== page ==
The tenth instalment of the explosive action franchise is a high-speed trip down memory lane

Fast X

Source: Universal Pictures

‘Fast X’

Dir: Louis Leterrier. US. 2023. 141mins

This tenth instalment of Universal’s high-octane automotive action franchise puts its foot on the gas early on, and doesn’t hit the brake until the end credits — and, even then, leaves things open for at least one more spin of the wheel. That’s par for the course with these films, but what does come as a surprise is just how fun this well-trodden formula can be; particularly when framed as a fan-friendly trip down memory lane as Vin Diesel’s muscled hero, former street racer Dominic Toretto, goes up against a villain with connections to his past.

 Incoming director Louis Leterrier realises that the appeal of the Fast films lies squarly in their turbo-charged action

The Fast And The Furious hit screens in 2001, with Diesel starring alongside the late Paul Walker, and has spawned a franchise which includes nine sequels, a spin-off (2019’s Hobbs & Shaw) and an animated TV show. While it has been cumulatively extremely lucrative, only two films — 2015’s Furious 7 and 2017’s The Fate Of The Furious — have taken over $1bn at the global box office. Universal will be hoping that Fast X, which opens globally on May 19, surpasses the $726k taken by F9: The Fast Saga in 2021, and it should appeal to post-pandemic audiences hungry for big screen spectacle. A family-friendly PG-13 (12A in the UK) rating is likely to help draw a crowd.

The notion of family has always been at the heart of this franchise, and the screenplay by returning writer (and director of five instalments) Justin Lin with newcomer Dan Mazeau leans heavily on the ideas of love and loyalty. A soft focus opening sequence sees Dominic enjoying time with his young son Little Brian (Leo Abelo Perry), wife Letty (Michelle Rodriguez) and sister Mia (Jordan Brewster), together with his extended petrolhead family Roman (Tyrese Gibson), Tej (Ludacris), Han (Sung King) and Ramsey (Nathalie Emmanuel). Toretto matriarch Abuelita (a cameo from West Side Story legend Rita Moreno) drives the point home: “Hold us in your heart and you will never lose your way,” she tells Dominic. Diesel does his best to emote during this scenes, desperately urged on by Brian Tyler’s swelling score, but it begins to feels as though the film may never get out of neutral. 

Thankfully, incoming director Louis Leterrier understands that the appeal of the Fast films lays squarly in their turbo-charged action. Soon, a knock on the door brings bloodied cyberterrorist Cipher (Charlize Theron) — who crossed the Toretto family in the previous two films — with a warning that Dominic is being hunted by psychopath criminal Dante Reyes (Jason Momoa). He is the son of Herman Reyes (Joaquim de Almeida), from whom Dominic and then-partner Brian (Paul Walker) stole $100m a decade ago (the heist that was detailed in 2011’s Fast Five, seen in flashback). Herman was killed in the fray and Dante is now targeting Dominic — and making the world burn while he’s at it.

It all kicks off in Rome, where Dominic’s crew must stop a huge bomb which is rolling through the ancient streets like an explosive pinball; an incredible extended sequence which plays like a mash up of Raiders Of The Lost Ark, Bullitt and Wacky Races. The action then spreads out across the globe – location work combining with sets built at the UK’s Warner Bros Studios Leavesden – as the team are tracked by the shadowy government agency they once worked for, but which has now turned against them. In London, Roman, Tej, Han and Ramsey catch up with Deckard Shaw (Jason Statham), who helps them evade capture. In Rio, Dominic calls in old loyalties and faces off against Dante in a drag race that has deadly consequences.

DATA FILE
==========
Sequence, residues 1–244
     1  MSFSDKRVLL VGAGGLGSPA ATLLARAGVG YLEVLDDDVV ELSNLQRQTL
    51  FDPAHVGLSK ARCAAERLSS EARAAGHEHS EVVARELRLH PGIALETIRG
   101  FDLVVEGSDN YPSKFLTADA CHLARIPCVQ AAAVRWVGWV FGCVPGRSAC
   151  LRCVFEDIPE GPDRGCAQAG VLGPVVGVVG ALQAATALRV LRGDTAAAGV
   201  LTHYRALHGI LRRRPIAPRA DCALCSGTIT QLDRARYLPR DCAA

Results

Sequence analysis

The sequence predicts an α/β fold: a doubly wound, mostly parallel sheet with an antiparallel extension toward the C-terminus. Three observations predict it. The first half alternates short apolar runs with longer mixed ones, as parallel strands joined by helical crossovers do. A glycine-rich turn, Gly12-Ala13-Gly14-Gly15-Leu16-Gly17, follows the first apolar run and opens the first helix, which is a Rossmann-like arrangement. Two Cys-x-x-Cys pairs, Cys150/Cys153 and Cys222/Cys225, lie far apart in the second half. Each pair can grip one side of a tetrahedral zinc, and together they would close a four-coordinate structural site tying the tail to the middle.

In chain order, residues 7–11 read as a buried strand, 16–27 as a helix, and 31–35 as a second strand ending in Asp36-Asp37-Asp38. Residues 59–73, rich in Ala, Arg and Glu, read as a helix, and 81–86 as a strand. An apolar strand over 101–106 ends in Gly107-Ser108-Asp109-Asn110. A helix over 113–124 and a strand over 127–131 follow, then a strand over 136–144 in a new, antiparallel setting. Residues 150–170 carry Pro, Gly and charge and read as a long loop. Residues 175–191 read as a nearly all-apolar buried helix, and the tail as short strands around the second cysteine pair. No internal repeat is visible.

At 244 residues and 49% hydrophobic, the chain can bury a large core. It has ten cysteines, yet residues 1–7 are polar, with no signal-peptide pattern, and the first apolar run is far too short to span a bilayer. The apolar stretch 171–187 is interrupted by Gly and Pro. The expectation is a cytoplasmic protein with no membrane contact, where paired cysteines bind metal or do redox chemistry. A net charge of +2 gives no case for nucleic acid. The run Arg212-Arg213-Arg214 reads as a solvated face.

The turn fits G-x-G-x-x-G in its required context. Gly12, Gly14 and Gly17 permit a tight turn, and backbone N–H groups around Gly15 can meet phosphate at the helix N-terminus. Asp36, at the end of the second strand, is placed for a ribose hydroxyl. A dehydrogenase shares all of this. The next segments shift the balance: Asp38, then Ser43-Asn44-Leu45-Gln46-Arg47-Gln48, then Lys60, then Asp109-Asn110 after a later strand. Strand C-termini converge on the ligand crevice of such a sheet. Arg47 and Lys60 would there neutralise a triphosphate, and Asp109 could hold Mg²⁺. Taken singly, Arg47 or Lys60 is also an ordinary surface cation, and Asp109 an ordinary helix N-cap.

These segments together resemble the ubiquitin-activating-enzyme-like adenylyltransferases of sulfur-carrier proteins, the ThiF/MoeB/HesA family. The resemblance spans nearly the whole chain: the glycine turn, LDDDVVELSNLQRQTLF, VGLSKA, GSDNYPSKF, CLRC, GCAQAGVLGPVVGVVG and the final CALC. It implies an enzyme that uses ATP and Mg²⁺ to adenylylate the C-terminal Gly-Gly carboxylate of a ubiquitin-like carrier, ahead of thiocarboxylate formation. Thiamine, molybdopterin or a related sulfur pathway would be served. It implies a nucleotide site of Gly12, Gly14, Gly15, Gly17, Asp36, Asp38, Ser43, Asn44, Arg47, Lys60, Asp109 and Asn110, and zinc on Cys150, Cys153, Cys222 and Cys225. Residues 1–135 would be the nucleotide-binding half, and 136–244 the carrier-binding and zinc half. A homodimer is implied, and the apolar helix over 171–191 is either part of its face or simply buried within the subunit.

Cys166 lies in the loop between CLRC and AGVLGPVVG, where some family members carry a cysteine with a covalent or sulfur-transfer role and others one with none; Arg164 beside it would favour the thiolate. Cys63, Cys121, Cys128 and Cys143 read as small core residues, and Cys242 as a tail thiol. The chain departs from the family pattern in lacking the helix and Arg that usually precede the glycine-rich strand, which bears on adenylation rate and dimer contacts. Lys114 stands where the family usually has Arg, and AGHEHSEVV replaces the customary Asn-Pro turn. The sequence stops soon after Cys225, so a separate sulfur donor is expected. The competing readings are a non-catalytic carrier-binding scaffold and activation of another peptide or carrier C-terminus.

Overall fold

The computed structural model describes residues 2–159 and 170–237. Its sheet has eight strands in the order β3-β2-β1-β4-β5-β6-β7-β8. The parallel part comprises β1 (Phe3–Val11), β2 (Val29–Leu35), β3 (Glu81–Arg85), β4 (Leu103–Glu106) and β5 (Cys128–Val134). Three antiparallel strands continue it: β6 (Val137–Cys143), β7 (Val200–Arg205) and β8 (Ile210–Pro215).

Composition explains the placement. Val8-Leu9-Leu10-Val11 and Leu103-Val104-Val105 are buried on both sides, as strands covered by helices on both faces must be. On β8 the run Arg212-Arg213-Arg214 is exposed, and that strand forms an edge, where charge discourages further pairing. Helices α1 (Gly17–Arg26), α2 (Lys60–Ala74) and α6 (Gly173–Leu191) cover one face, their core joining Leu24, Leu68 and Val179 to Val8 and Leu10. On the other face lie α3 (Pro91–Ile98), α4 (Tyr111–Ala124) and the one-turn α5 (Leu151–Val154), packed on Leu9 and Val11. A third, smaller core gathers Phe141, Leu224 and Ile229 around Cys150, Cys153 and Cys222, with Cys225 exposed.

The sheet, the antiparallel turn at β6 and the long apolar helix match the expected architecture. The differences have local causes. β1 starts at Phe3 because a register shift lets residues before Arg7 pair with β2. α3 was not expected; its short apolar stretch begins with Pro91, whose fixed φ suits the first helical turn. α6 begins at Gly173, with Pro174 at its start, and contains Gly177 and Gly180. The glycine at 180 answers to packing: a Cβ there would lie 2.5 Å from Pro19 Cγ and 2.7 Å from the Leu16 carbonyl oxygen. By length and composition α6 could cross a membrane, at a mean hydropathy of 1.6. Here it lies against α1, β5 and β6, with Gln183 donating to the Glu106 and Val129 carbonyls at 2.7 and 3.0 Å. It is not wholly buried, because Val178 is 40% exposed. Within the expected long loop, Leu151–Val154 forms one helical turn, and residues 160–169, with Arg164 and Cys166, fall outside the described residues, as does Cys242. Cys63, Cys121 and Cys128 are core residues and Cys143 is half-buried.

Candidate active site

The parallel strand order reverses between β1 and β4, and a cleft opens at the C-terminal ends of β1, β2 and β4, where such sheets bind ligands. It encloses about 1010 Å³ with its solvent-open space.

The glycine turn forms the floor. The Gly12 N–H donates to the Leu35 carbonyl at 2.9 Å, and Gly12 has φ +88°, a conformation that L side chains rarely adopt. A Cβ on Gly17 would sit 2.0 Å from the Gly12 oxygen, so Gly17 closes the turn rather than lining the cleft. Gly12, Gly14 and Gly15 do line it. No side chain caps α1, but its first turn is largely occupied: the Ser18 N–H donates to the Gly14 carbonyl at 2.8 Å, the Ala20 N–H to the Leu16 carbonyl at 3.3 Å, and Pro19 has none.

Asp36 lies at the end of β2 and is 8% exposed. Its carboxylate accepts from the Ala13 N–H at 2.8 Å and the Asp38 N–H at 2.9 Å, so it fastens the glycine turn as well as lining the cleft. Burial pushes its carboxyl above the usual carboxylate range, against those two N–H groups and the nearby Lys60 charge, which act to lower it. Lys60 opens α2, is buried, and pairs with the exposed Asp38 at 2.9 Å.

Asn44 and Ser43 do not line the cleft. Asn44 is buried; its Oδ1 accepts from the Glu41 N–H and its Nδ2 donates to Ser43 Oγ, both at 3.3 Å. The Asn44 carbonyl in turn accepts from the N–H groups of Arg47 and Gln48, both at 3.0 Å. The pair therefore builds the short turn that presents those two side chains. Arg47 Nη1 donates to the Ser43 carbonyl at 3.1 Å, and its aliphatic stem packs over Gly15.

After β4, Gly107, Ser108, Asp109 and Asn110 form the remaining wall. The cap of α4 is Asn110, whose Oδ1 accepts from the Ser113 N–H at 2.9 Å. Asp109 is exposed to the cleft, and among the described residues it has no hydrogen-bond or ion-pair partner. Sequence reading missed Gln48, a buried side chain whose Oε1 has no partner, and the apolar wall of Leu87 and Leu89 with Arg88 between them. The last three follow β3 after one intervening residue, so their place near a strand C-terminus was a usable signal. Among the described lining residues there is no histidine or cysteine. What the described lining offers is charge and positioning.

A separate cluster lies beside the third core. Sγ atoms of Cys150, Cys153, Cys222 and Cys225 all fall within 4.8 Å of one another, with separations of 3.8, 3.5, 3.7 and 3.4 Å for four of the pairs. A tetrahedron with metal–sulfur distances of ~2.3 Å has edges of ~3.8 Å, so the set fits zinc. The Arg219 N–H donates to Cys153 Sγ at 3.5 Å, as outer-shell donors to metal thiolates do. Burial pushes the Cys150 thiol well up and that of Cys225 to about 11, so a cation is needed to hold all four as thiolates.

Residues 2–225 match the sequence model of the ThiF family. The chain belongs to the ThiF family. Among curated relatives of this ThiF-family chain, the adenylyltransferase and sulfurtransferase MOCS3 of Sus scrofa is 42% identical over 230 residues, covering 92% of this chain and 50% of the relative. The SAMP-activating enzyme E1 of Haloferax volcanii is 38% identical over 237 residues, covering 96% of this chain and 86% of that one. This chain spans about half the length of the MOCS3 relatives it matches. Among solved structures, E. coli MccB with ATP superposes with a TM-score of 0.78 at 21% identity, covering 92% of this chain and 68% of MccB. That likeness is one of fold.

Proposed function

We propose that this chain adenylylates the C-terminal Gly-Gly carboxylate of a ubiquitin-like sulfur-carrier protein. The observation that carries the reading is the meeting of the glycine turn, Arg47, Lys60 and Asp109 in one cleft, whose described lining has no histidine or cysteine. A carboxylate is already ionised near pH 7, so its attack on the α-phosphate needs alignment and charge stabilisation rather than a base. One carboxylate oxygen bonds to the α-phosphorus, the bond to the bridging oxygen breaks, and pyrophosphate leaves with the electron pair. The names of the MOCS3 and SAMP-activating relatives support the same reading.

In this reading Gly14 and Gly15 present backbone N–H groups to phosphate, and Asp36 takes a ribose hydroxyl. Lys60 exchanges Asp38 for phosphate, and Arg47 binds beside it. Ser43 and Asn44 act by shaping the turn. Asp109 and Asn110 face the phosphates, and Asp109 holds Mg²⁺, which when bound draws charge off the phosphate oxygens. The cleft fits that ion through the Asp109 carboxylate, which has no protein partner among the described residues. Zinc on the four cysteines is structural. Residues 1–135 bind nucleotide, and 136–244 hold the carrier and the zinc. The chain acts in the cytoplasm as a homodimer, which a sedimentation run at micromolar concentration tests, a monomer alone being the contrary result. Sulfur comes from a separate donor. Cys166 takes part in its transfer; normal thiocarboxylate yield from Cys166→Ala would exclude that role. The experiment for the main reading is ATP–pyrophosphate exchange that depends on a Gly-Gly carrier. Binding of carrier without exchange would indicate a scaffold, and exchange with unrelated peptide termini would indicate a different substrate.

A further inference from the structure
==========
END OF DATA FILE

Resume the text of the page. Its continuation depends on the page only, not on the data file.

Along the way he is helped by familiar faces including his brother Jakob (John Cena), militia leader (and Deckard’s mum) Queenie (Helen Mirren), government agent Little Nobody (Scott Eastwood) and rogue agency representative Tess (Brie Larson). It’s like a Who’s Who for fans of the franchise, and hints at what we can expect from future outings. (One hopes, however, these hold more in store for Rodriguez’s spiky Letty, who spends most of this feature locked away in an Antarctic prison.)

The film’s geographical scope is matched by its visuals and stuntwork. Impressive lensing from Stephen F. Windon (who has worked on seven Fast films) moves in tandem with seamless digital effects to thrust the viewer in, out, over and under cars, into water, through fire and out of aeroplanes (one of which features Walker’s daughter, Meadow Rain Walker, in a cameo). Editing, too, is fast paced, ensuring the action never lets up for a moment; fluid camerawork means there’s a sense of things permanently in motion, even in the quieter sequences. 

It helps, too, that the cast are obviously enjoying themselves, and there’s a lighthearted humour underpinning the mayhem. Ludacris and Gibson make for a wisecracking double act, while Momoa is having an absolute ball as the vampy, preening Dante, fully embracing the high camp Bondesque villainy. He, like everyone on screen and behind the camera, is unashamedly playing to the strengths of this franchise which, on this evidence, has a little more road left to run. 

Production company: Original Film, One Race Films, Perfect Storm 

Worldwide distribution: Universal Pictures

Producers: Neal H Moritz, Vin Diesel, Jeff Kirschenbaum, Samantha Vincent, Justin Lin

Screenplay: Justin Lin, Dan Mazeau

Cinematography: Stephen F. Windon

Production design: Jan Roelfs

Editing: Dylan Highsmith, Kelly Matsumoto

Main cast: Vin Diesel, Michelle Rodriguez, Jason Momoa, Tyrese Gibson, Ludacris, Sung Kang, Nathalie Emmanuel, Charlize Theron, Jason Statham, Helen Mirren, Brie Larson, Scott Eastwood, Leo Abelo Perry